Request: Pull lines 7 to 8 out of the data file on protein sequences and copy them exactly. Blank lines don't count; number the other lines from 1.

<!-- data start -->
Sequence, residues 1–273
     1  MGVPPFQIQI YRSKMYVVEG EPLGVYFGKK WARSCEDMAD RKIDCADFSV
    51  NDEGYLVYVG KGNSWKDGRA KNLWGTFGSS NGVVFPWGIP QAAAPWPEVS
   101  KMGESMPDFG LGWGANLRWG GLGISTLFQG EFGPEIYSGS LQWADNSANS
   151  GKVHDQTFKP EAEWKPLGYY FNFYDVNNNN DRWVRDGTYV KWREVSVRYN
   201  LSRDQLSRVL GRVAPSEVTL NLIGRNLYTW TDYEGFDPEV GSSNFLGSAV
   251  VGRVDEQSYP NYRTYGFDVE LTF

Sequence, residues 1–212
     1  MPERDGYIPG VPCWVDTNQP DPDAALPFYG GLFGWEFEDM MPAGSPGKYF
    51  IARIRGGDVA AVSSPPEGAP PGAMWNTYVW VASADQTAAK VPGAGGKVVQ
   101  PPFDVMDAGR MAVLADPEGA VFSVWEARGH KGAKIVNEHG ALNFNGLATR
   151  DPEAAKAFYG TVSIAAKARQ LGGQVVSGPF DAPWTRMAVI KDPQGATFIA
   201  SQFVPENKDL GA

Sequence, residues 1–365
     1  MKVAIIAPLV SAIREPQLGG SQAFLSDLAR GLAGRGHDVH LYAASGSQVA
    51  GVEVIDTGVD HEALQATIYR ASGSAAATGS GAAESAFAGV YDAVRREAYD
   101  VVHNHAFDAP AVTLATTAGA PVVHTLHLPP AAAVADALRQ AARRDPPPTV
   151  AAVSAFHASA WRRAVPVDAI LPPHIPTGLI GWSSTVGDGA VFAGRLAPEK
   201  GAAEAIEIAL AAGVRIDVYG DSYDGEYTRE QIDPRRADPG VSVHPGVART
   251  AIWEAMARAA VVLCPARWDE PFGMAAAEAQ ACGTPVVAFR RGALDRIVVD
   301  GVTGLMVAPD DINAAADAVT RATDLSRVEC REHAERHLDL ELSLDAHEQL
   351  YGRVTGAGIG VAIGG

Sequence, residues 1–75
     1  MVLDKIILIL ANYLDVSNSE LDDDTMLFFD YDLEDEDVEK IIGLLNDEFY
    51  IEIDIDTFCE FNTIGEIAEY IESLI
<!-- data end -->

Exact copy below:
   251  VGRVDEQSYP NYRTYGFDVE LTF

Sequence, residues 1–212